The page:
The WhatsApp Interviews are a series of chats between me and other writers. We talk about reading and writing habits and preferences and throw in a few quickfire questions. All on WhatsApp!

This week I am interviewing Jehan Nizar, an Indian short story writer who lives in Dubai!

What is your elevator pitch for your work in progress?

Jehan: Wow! Now that’s a tough one … I always find it hard to summarise the premise of my entire book into a few succinct sentences but I’ll give it a go … My manuscript is basically a collection of short stories that would fall into the broad genre of diaspora fiction. It’s titled The Pool House and Other Stories and is about the lives and relationships of modern diasporic Indians like myself who constantly straddle two conflicting worlds – one westernised and the other tinged by an “Indianness” they often struggle to come to terms with.

Have you ever thought of which actors would play your main characters?

Jehan: You know it’s interesting you should ask that because although I’ve never thought of my stories in terms of the cast, I have been able to see them being translated into a visual medium. Here’s the thing, Indian actors in Hollywood have always seemed to me quite stereotyped and I sometimes cringe at the way they’re portrayed.

So to answer your question, no. I can’t think of an established name. I’d pick someone realistic. A young British Indian or American Indian … maybe even someone who’s never acted before. A living, breathing young person whose angst and feelings of alienation would actually translate into the role.

How do you choose the names of your characters?

Jehan: With some of my characters the names seem natural and I write the stories with these names in mind. Other times, it’s more of a struggle. I often write the whole story with an elusive she/ he or the infuriating Xxxx, believe it or not! Then I let the story breathe for a while and mull over a name … try them on in my head until they feel right. Do you remember how recently I was discussing a story with you and was excited because I had come up with a name for my female character and it just felt like she couldn’t be anybody else except a Fathima, short for Fatty.

Eleanor: Oh yeah, I can’t wait to read that story! It sounds fantastic!

Does writing energise or exhaust you?

Hard to give you a concrete answer. It sometimes feels like an infuriating love-hate relationship. But what I will tell you is that nothing comes close to the way you feel when you fill up the first empty page on a Word document. That invincible feeling of having sorted out this concrete jungle of botched up sentences in your head and then the beautiful alchemy of putting them all together, like the pieces of a puzzle.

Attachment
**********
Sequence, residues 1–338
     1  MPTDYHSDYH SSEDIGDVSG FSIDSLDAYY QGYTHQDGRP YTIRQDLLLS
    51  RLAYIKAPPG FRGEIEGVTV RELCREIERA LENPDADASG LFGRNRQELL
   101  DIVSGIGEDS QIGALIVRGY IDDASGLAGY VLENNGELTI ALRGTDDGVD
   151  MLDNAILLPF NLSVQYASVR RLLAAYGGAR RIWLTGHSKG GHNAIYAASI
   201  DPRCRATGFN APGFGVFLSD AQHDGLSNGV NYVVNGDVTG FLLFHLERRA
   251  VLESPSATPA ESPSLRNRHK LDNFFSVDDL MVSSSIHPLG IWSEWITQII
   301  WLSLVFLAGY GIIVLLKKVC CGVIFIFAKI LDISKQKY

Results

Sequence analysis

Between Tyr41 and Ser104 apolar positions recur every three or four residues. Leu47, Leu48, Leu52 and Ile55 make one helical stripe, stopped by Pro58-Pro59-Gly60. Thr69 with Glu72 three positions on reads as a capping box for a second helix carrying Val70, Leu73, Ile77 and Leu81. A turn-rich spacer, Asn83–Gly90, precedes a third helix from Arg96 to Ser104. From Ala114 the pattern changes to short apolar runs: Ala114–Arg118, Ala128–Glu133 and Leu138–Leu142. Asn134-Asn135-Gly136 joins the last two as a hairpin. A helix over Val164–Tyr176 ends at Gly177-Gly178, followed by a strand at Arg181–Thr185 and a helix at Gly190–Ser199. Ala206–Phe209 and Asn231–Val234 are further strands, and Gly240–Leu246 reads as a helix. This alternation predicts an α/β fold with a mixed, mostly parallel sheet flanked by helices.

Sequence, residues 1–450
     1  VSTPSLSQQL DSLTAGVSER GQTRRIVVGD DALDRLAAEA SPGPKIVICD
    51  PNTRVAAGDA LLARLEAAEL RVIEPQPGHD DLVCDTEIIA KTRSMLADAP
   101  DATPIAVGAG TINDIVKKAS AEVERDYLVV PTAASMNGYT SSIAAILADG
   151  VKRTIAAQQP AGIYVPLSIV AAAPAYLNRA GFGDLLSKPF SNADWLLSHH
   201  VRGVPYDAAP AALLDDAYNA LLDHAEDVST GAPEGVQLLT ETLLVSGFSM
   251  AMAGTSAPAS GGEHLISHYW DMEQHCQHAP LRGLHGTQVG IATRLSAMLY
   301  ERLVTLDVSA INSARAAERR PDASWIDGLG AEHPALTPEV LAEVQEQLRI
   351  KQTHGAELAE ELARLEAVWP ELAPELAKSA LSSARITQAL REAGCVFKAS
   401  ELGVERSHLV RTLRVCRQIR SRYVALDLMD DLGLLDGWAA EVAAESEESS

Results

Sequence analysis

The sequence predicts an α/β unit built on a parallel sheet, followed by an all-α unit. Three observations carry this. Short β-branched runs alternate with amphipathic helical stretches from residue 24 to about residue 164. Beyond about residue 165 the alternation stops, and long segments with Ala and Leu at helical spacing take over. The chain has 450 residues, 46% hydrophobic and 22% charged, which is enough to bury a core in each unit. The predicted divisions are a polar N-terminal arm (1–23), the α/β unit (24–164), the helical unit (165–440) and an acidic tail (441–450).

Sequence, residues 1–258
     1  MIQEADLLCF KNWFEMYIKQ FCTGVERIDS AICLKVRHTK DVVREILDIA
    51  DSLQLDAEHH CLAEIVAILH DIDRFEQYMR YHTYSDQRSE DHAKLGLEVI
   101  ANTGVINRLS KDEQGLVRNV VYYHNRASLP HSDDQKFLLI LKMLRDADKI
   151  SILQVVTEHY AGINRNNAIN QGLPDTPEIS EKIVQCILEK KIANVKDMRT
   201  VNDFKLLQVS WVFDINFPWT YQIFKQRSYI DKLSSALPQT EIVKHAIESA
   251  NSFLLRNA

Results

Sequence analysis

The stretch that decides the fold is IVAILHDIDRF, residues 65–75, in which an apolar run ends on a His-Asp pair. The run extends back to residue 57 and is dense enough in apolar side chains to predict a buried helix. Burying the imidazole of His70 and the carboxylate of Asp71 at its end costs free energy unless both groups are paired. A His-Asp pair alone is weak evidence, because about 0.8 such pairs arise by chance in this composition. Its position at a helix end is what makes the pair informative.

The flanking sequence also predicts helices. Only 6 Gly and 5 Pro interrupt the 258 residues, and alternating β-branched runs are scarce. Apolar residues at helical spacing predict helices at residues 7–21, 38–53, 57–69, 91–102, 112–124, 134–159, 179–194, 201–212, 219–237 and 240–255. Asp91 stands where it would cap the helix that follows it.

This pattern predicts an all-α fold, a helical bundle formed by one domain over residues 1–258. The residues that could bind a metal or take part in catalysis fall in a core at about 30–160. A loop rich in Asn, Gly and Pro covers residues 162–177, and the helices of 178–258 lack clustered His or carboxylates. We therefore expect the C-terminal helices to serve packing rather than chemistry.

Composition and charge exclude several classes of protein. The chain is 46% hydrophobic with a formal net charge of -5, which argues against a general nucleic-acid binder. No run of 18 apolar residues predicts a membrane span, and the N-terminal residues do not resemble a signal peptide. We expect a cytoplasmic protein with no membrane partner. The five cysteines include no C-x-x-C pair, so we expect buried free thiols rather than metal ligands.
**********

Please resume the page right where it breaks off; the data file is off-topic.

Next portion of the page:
Eleanor: Ooh yeah, I feel you!

Jehan: I’ve always said I was dyslexic with numbers, but I sometimes feel like writing is just like math. We, as writers, fix problems all the time.
Of our characters, their lives, and then the prose itself at a microscopic structural level.

Eleanor: I can really feel that when I read your writing! It takes you into the characters lives in such a microscopic way.

What are your ambitions for your writing career?

Jehan: I’m such a laid back person that sometimes I think I really need to be more self-driven. When I started the MA being published was not really something I had thought about. I joined the course to write for the sake of it and to hone my skill. Things have changed a lot now. When I turned in that 30,000 word complete manuscript in September it was the first time I was able to entertain the possibility of myself as a living, breathing “real” writer. Since I’ve only written short stories so far and that seems to be the form that comes most naturally to me I’d say I would LOVE LOVE to be published in The New Yorker and Granta first – as most of the people I look up to seem to have gone down that route too – and then have the full manuscript published. The dream, of course, is to have my first collection published in its entirety.

Leading on from that, What would literary success look like for you? Like what one thing would mean you had “made it”

Jehan: For starters, getting representation by an established literary agent who believed in my ultimate vision for my book. Baby steps.  🙂

What kind of research do you do, and do you do it before starting a story?

Jehan: So I’ve never been a very factual writer but two stories in my collection have involved a fair bit of research. One is called Dancing in the Dark and is set between London and a Kathakali dance school in Kerala. I read up about the dance form on the Internet and also watched a documentary or two to get insights into the subtle nuances and intricacies of Kathakali. I also had to do some basic research to nail the setting in London and make it feel authentic, which I hope comes across when I talk about a Sri Lankan restaurant in Wembley or the protagonist’s slightly grotty flat in Elephant and Castle.